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Molecular and Chemical Neuropathology

, Volume 24, Issue 1, pp 31–41 | Cite as

Effects of pargyline and pyrogallol on the methamphetamine-induced dopamine depletion

  • Taizo Kita
  • George C. Wagner
  • Martin A. Philbert
  • Linda A. King
  • Herbert E. Lowndes
Original Articles

Abstract

The formation of 6-hydroxydopamine (6-OHDA) from dopamine (DA) was investigated in the striatum of male Sprague-Dawley rats following a single administration of methamphetamine hydrochloride (100 mg/kg, sc). Rats were sacrificed 30, 60, and 90 min, and 1 wk after injection, and striatal 6-OHDA, DA, and 3,4-dihydroxyphenylacetic acid (DOPAC) were measured by HPLC with electrochemical detection. Methamphetamine decreased striatal DA and DOPAC levels (to 65 and 50% at 90 min, respectively) in the time-course study and also resulted in a long-lasting dopamine depletion (34%) 1 wk after its administration. However, endogenous 6-OHDA formation proved difficult to detect after administration of the methamphetamine alone. Pretreatment with the monoamine oxidase (MAO) inhibitor pargyline (100 mg/kg, ip) and the catechol-O-methyltransferase (COMT) inhibitor pyrogallol (25 mg/kg, ip) resulted in the HPLC detection of a 6-OHDA-like substance 30 min after methamphetamine administration when the oxidizing potential was set at 0.5 V, but not when it was set at 0.2 V. Moreover, pargyline (25 mg/kg, ip) alone or in combination with pyrogallol exacerbated the long-lasting dopamine depletion induced by methamphetamine (50 mg/kg, sc). These results indicate that simultaneous inhibition of MAO and COMT provides a cellular environment that encourages the autoxidation of dopamine to a 6-OHDA-like substance.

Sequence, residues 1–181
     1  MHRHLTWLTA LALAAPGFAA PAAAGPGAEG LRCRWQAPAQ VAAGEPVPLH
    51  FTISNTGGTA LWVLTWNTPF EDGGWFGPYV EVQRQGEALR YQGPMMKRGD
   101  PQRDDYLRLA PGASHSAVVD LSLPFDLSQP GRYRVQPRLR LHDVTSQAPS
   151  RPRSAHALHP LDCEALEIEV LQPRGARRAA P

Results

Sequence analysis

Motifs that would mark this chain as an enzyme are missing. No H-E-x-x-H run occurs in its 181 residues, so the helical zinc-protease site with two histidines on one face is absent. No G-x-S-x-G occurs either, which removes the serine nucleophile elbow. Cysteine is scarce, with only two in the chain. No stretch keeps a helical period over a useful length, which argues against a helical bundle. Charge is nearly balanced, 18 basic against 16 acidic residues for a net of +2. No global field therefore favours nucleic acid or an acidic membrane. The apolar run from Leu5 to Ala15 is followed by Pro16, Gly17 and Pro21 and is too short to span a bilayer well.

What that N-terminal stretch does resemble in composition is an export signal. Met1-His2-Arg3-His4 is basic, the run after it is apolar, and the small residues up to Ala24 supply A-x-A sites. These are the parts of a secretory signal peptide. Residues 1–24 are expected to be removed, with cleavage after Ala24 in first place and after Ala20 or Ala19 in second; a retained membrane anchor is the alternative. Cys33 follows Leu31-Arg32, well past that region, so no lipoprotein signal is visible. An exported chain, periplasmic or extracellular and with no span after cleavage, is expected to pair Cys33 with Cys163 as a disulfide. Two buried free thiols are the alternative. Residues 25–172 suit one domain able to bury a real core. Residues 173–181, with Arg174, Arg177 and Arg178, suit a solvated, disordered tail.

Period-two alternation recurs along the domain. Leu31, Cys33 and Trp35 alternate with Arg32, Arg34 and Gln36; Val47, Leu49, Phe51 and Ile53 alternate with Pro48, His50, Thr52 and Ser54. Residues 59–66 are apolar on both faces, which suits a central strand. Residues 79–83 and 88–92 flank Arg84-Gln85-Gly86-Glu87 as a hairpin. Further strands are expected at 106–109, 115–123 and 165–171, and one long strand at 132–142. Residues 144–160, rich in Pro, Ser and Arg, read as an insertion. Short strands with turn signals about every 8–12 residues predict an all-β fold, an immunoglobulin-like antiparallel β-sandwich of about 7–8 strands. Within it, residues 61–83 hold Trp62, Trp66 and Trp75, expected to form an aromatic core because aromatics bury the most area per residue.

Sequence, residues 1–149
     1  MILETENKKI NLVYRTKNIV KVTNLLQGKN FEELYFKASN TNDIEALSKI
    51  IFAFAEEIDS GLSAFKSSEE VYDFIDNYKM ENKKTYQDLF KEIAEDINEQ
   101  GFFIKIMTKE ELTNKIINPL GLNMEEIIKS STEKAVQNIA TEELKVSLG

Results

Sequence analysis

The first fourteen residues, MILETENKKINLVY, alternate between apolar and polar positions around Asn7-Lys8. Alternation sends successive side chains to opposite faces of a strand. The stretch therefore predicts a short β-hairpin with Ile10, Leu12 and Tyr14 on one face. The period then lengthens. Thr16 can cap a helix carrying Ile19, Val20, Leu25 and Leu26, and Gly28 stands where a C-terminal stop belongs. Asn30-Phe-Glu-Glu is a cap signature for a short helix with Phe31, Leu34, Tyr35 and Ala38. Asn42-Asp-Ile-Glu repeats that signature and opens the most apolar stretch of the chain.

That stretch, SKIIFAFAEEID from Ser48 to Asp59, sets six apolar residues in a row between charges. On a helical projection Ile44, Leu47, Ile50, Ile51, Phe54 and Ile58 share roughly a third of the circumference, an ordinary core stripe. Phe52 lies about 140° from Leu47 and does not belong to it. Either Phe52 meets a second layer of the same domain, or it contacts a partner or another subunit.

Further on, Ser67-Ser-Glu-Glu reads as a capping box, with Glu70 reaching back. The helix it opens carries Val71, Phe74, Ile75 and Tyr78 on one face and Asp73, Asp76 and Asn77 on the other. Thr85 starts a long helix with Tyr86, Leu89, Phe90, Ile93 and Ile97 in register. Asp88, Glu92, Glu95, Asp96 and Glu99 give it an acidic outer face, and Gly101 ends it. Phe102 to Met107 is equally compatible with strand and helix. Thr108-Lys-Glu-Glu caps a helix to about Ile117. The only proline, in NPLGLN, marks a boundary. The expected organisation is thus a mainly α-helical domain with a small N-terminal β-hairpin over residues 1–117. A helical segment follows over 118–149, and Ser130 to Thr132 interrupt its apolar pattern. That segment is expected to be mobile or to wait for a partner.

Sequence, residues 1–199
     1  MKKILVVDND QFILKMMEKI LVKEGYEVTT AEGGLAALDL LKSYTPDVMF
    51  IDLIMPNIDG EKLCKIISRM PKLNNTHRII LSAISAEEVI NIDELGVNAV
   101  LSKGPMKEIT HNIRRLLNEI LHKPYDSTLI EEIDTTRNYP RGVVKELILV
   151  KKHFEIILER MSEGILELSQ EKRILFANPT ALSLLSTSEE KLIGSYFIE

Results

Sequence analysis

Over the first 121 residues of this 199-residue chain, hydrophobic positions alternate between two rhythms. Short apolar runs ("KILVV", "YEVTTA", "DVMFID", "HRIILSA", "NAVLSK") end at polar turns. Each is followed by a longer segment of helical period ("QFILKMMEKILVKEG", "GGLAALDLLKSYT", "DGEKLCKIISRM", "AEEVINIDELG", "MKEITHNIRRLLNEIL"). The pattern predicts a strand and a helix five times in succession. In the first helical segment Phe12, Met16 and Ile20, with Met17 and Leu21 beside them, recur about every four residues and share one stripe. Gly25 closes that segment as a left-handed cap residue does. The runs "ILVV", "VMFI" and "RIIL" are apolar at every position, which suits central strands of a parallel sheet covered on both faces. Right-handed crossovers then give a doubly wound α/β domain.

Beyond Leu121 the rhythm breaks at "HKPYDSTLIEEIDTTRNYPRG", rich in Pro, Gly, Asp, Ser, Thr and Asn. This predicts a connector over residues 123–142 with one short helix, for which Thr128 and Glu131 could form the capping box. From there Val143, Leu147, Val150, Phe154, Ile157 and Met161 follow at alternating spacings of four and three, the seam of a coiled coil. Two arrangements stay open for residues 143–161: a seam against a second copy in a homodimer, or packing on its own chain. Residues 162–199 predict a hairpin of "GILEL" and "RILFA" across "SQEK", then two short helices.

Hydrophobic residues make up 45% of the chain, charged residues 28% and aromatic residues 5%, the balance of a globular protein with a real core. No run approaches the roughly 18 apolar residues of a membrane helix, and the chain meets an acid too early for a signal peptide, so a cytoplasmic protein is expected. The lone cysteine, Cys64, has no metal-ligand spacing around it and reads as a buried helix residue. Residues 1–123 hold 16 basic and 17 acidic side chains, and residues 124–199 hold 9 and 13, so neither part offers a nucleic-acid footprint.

Index Entries

Methamphetamine 6-hydroxydopamine dopamine neurotoxicity pargyline pyrogallol monoamine oxidase catechol-O-methyltransferase 

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Copyright information

© Humana Press 1995

Authors and Affiliations

  • Taizo Kita
    • 1
  • George C. Wagner
    • 2
  • Martin A. Philbert
    • 1
  • Linda A. King
    • 2
  • Herbert E. Lowndes
    • 1
  1. 1.Neurotoxicology Laboratories, Department of Pharmacology and ToxicologyThe State UniversityNew Brunswick
  2. 2.Department of Psychology, RutgersThe State UniversityNew Brunswick

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